Substandard driving instructors to be exposed in Ofsted-style league table

Substandard driving instructors to be exposed in Ofsted-style league table

Government plans to charge drivers who fail have been scrapped

OFSTED-STYLE ratings for driving instructors will be published amid concerns that too many learners are being forced to sit their test repeatedly because of substandard tuition.

The Driver and Vehicle Standards Agency (DVSA) is threatening to release rankings for Britain’s 40,000 driving instructors for the first time to steer novices away from poor-quality lessons.

It follows the publication of figures showing that less than half of tests are passed, with learner drivers taking up to 39 attempts to gain their licence – leading to long waiting lists in some areas.

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However the agency revealed that alternative plans mooted by the government over a year ago to introduce financial penalties to prevent badly prepared drivers from taking their test too soon had been scrapped.

The Conservatives announced that a deposit would be added to the £62 test fee, with only successful candidates getting some of their money back. It was designed to force learners to delay taking the practical exam.

However Gareth Llewellyn, the DVSA’s chief executive, said that the proposals had been badly planned and could hit the poorest people hardest.

He also said there were concerns that it could lead to a rise in the number of violent attacks on examiners from frustrated motorists who lost their deposits, with 236 verbal and 13 physical attacks already being logged in 2016.

Last year a 38-year-old man from Liverpool passed his driving test on the 39th attempt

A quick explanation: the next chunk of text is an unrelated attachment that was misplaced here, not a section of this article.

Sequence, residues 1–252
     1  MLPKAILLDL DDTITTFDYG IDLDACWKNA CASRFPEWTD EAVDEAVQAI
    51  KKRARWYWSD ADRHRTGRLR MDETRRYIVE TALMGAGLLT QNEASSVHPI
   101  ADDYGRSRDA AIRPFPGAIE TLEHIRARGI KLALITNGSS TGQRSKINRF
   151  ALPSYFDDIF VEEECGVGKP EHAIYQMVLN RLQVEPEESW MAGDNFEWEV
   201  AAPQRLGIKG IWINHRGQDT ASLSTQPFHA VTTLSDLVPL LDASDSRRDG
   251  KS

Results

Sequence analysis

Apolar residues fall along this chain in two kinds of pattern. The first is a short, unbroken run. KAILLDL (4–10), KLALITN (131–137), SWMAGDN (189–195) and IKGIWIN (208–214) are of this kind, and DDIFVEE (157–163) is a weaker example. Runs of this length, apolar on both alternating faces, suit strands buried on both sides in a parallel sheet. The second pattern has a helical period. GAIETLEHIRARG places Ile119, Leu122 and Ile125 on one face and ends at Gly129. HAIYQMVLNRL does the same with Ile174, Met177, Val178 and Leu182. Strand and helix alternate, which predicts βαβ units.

Speaking to The Times, he said the agency would instead focus on driving up standards of lessons to improve learners’ chances of passing first time.

Instructors are subjected to regular checks by the DVSA but only 30% achieve the highest ranking, grade A. Almost 69% are rated as merely satisfactory. Last year 682 instructors were struck off after failing to reach minimum standards.

There is no requirement for instructors to make public their rating, and only 3% do so voluntarily. Mr Llewellyn said ratings would be published in the next few years if instructors failed to volunteer the information.

Figures from last year showed that a 38-year-old man from Liverpool passed his driving test on the 39th attempt. At least two others from Sutton Coldfield and Weston-super-Mare passed on their 36th attempts. In all, 48.6% of practical tests were passed in the last three months of 2016, down by 0.4% on the previous year.

Mr Llewellyn said: “We are encouraging driving instructors to publish their rating. If they don’t do that, then at some point we will compel them to do that. We will put out information into the public domain so that parents can choose a good driving instructor.”

Graeme Paton

This article first published in The Times